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Valencia regional premier Francisco Camps resigns

PP leader bows to intense pressure from own party over charges of corruption

Valencia's embattled premier Francisco Camps resigned as regional chief on Wednesday after coming under pressure from his own Popular Party (PP) to plead guilty to charges that he accepted expensive suits as bribes from a group of corrupt businessmen.

"I voluntarily offer my sacrifice so that Mariano Rajoy can become the next prime minister," Camps told a news conference, in reference to the PP leader.

Saying that he is the victim of a "personal campaign" that had been waged against him, Camps told reporters: "I am leaving with less than I came with."

The surprise resignation came one day after Rajoy and other PP officials were said to be negotiating with the 48-year-old premier to plead guilty before the Valencia High Court and avoid trial on charges that he accepted dress suits and other accessories worth around 14,000 euros from businessmen from the so-called Gürtel network, who allegedly secured a number of valuable contracts in Valencia.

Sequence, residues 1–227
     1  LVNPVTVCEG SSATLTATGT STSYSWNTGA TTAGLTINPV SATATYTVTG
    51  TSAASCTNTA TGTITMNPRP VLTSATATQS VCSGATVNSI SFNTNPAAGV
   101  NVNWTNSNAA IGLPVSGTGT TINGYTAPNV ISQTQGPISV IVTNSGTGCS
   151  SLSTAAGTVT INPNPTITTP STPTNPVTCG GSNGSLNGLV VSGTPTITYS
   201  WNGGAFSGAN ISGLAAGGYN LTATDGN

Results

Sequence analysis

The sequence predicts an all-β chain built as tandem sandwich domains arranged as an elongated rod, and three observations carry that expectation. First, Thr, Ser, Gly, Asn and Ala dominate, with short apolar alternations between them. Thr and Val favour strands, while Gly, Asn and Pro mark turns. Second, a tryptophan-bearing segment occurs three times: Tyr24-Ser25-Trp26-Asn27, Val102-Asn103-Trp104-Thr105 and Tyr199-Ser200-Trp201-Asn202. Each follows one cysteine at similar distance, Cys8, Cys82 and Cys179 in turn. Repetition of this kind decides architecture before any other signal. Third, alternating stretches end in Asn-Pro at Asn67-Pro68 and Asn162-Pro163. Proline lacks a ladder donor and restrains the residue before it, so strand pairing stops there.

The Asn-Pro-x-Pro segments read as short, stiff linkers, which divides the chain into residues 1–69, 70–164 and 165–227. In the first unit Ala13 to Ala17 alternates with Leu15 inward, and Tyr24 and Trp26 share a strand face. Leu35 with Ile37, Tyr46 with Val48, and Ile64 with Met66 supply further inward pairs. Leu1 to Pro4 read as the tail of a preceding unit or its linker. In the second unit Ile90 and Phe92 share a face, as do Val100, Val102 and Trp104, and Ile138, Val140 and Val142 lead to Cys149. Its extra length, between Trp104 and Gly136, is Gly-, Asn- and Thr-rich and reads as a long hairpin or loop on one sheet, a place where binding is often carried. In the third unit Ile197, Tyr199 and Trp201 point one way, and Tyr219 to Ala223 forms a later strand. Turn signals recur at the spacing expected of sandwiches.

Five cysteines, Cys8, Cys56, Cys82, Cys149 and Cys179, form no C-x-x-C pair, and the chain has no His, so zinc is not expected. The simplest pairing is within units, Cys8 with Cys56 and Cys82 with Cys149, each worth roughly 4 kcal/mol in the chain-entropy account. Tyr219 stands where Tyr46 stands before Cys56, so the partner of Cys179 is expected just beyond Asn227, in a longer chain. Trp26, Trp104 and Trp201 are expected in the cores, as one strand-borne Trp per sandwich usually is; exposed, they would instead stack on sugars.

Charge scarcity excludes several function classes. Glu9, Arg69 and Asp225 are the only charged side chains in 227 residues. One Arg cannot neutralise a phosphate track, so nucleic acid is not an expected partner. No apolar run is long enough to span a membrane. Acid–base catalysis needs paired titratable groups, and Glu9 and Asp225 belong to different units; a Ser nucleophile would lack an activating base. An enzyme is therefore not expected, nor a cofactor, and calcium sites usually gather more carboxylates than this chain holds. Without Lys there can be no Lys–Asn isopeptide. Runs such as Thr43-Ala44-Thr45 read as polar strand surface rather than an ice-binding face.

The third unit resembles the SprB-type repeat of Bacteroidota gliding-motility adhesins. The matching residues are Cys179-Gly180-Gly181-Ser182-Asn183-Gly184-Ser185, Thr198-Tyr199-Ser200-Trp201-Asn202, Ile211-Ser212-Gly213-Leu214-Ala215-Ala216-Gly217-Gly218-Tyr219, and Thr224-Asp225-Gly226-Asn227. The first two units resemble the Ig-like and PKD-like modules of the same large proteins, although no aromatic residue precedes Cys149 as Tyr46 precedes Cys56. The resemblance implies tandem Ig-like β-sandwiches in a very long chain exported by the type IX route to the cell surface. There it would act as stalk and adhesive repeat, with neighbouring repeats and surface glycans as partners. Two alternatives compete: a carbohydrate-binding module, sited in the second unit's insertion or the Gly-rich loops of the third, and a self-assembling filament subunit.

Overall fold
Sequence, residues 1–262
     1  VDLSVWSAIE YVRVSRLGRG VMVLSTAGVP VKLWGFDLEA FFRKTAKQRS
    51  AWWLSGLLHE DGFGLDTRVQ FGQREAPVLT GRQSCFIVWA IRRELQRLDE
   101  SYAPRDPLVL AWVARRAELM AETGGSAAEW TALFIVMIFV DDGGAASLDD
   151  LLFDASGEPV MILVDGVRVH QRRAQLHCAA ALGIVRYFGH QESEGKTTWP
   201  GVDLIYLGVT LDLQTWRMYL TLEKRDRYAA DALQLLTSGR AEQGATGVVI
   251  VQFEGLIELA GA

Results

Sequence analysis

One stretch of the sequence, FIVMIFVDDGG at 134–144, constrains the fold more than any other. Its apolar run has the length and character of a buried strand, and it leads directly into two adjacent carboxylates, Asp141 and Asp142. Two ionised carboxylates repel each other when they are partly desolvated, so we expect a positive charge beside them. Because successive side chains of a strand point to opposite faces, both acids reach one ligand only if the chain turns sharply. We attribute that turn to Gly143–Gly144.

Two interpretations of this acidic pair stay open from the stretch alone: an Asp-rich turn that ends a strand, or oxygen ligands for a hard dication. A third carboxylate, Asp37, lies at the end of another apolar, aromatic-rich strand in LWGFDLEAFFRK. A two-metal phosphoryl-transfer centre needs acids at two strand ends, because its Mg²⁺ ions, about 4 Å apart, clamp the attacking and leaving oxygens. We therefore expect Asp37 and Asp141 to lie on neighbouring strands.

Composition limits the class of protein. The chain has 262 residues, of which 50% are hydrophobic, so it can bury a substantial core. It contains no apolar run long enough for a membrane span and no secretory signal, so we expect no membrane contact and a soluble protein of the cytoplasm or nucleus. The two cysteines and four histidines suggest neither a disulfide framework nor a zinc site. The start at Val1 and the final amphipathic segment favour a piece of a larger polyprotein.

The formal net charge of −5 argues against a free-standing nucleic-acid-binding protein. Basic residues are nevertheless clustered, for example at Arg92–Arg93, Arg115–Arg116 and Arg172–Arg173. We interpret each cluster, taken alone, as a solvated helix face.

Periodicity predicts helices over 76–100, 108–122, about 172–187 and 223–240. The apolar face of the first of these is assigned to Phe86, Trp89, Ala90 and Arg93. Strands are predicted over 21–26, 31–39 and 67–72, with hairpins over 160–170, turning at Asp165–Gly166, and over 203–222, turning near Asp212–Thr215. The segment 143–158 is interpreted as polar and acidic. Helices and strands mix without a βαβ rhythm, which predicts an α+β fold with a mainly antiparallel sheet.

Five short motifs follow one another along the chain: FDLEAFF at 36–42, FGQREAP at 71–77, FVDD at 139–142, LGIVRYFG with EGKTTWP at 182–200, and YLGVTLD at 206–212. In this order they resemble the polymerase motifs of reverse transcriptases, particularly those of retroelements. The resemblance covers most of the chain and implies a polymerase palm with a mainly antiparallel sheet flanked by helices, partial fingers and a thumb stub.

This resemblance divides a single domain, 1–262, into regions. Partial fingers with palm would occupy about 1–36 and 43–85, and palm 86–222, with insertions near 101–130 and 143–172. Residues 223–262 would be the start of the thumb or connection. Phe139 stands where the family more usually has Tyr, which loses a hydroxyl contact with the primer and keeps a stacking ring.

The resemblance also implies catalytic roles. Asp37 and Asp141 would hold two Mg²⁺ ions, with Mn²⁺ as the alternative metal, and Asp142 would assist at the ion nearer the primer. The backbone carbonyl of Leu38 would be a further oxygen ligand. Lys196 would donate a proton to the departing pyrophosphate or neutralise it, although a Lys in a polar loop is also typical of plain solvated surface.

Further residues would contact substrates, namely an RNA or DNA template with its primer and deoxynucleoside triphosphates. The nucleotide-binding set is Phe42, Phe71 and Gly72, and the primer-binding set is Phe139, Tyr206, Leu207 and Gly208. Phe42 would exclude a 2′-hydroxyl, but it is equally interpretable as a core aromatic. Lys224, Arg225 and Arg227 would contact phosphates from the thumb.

Camps was reelected on May 22 to a third term by a substantial margin over his opponents.

On Friday, Valencia High Court Judge José Flors indicted Camps along with Ricardo Costa, the former PP secretary general in Valencia; Víctor Campos, the former deputy regional premier; and Rafael Betoret, the region's former tourism chief. Both Campos and Betoret pleaded guilty before the High Court ahead of Camps' news conference.

Camps was also expected to make the same plea in effort to save his regional post seat, but later in the day his lawyers postponed his appearance before Judge Flors.

"Those who attack me today will end up on the losing side," Camps said, adding that he will fight the improper bribery charges at trial.

Costa was also expected to plead guilty but at the last moment on Wednesday said he would not do so unless Camps followed suit.

The so-called "suit-gate" affair, and Camps' subsequent indictment, had been one of the biggest political thorns for Rajoy and the PP as they prepare for upcoming general elections.

When the charges first surfaced in 2009, Camps had always denied that he had received the dress suits, explaining that he paid for his own clothes. But days before Friday's indictment, Camps acknowledged that he received the accessories in his capacity as head of the PP party and not in his elected position as regional premier. However, Flors rejected that argument, saying that both jobs are "indivisible."

Ramón Jáuregui, the head of the prime minister's office, said that Camps decision was "coherent" and wished him "the best" in his personal life. Earlier in the day, Jáuregui had said that Camps could not stay on as regional premier if he pleads guilty.